Srbenka (2018) **** Marrakech International Film Festival 2018

November 29th, 2018
Author: Meredith Taylor

Dir.: Nebojsa Slijepcevic; Documentary with Oliver Frljic; Croatia 2018, 70 min.

Director/writer/DoP Nebojsa Slijepcevic (Gangster of Love) explores peer violence towards children  of different nationalities in Croatia, and examines how the generation born after the war copes with the dark shadows of history. 

The documentary is set in a Zagreb theatre, during the rehearsals of a play called Aleksandra Zec where the star turn is a Serbian girl who was murdered together with her whole family in 1991, just before the outbreak of war between Serbia and Croatia after the implosion of Yugoslavia. The murder of Aleksandra Zec and her family was an act of social cleansing, and Frljic wanted to show how the wounds of the war are still influencing daily life, not only in Croatia. One actor asks: “Do I become a Serb, because I am in a play about a murdered Serbian girl?” During the rehearsal and on the eve of the premiere, right-wing protesters threatened the director and his girl friend with violence. They were holding up placards saying “Why not a play about the 86 kids of Vukovar”, who were killed during a bombing raid in the civil war. Frljic wanted to detach actors from the play itself, so he let all of them talk about their feelings about the play and the Civil War. Four 12-year old girls – the same age as Aleksandra when she was killed – were also taking part in the play. They too were asked about their feelings, and some of them comment about their fear of Roma – “because when they break their arm, it heals quicker than ours, or “they are like lizards, when they lose a tail, it grows back quickly.”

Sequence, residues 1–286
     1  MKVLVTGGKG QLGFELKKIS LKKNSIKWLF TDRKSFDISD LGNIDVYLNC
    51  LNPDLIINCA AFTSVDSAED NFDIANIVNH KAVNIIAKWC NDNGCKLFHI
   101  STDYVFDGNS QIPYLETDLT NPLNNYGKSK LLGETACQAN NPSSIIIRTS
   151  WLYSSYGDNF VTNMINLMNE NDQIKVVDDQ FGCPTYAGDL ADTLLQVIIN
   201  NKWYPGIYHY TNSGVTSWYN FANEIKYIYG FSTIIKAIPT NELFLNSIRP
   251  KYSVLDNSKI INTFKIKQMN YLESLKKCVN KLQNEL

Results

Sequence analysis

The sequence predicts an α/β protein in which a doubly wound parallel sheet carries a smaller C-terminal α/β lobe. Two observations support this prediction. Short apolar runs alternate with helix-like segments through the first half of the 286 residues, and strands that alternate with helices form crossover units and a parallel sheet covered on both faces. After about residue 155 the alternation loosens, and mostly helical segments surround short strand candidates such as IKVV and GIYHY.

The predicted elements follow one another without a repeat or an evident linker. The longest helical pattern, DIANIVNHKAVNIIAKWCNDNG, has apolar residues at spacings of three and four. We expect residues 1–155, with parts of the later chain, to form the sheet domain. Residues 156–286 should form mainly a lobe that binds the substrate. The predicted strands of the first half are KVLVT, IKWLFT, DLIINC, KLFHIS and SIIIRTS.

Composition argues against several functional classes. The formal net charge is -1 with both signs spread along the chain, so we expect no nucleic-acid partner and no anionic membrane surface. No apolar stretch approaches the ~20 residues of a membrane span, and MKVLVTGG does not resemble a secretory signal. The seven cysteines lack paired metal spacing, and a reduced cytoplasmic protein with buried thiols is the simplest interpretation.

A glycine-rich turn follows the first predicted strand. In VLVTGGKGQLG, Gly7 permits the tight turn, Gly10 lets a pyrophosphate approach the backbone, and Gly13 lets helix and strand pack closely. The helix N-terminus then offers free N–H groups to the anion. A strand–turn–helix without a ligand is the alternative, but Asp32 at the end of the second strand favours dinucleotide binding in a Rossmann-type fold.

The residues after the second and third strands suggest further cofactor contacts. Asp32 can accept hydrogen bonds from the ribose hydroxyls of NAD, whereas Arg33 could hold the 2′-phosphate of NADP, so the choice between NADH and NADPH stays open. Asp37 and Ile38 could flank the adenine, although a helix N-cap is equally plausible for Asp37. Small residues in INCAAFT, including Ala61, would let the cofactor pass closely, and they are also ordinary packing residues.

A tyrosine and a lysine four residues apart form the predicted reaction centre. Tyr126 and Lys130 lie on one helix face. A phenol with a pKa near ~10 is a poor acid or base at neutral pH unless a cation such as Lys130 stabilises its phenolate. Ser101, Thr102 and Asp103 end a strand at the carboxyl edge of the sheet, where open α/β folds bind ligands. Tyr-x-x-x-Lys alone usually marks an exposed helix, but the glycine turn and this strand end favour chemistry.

Their role in the play is to ask the dead girl about her feelings towards her assailants. One of the girls has nightmares after rehearsals, she dreams about killing her sister and taking her organs out. They all admit to bullying Roma children at school. One of girl reports, that a class mate of her did not go to Catholic RE, and was called a Jew. One of the quartet, Nina Batanic, is actually Serbian, she has hidden this from her classmates, particularly from the boy who sits next to her and told her “I like to kill all Serbians, cutting their throat with my teeth”. But Nina is so brave she admits at the evening of the premiere that she is Serbian. After the play is over the camera follows her lingering on the way home.

Even after 25 years, the war is still the central issue. The fear of “the other” is kept alive by right-wing Nationalists, who see anybody who is not Croatian as an enemy. The trauma lets the violence simmer permanent under the surface. Frljic and Slijepcevic see their project as therapeutic, hoping, that when questions about nationality and minorities are brought to the surface, the resentment of ‘others’ might be reduced. But the four girls are living proof, how long the way to anything like a reconciliation still is. Srbenka is brave, but leaves little hope for the future –  and that goes for the whole of Europe. AS


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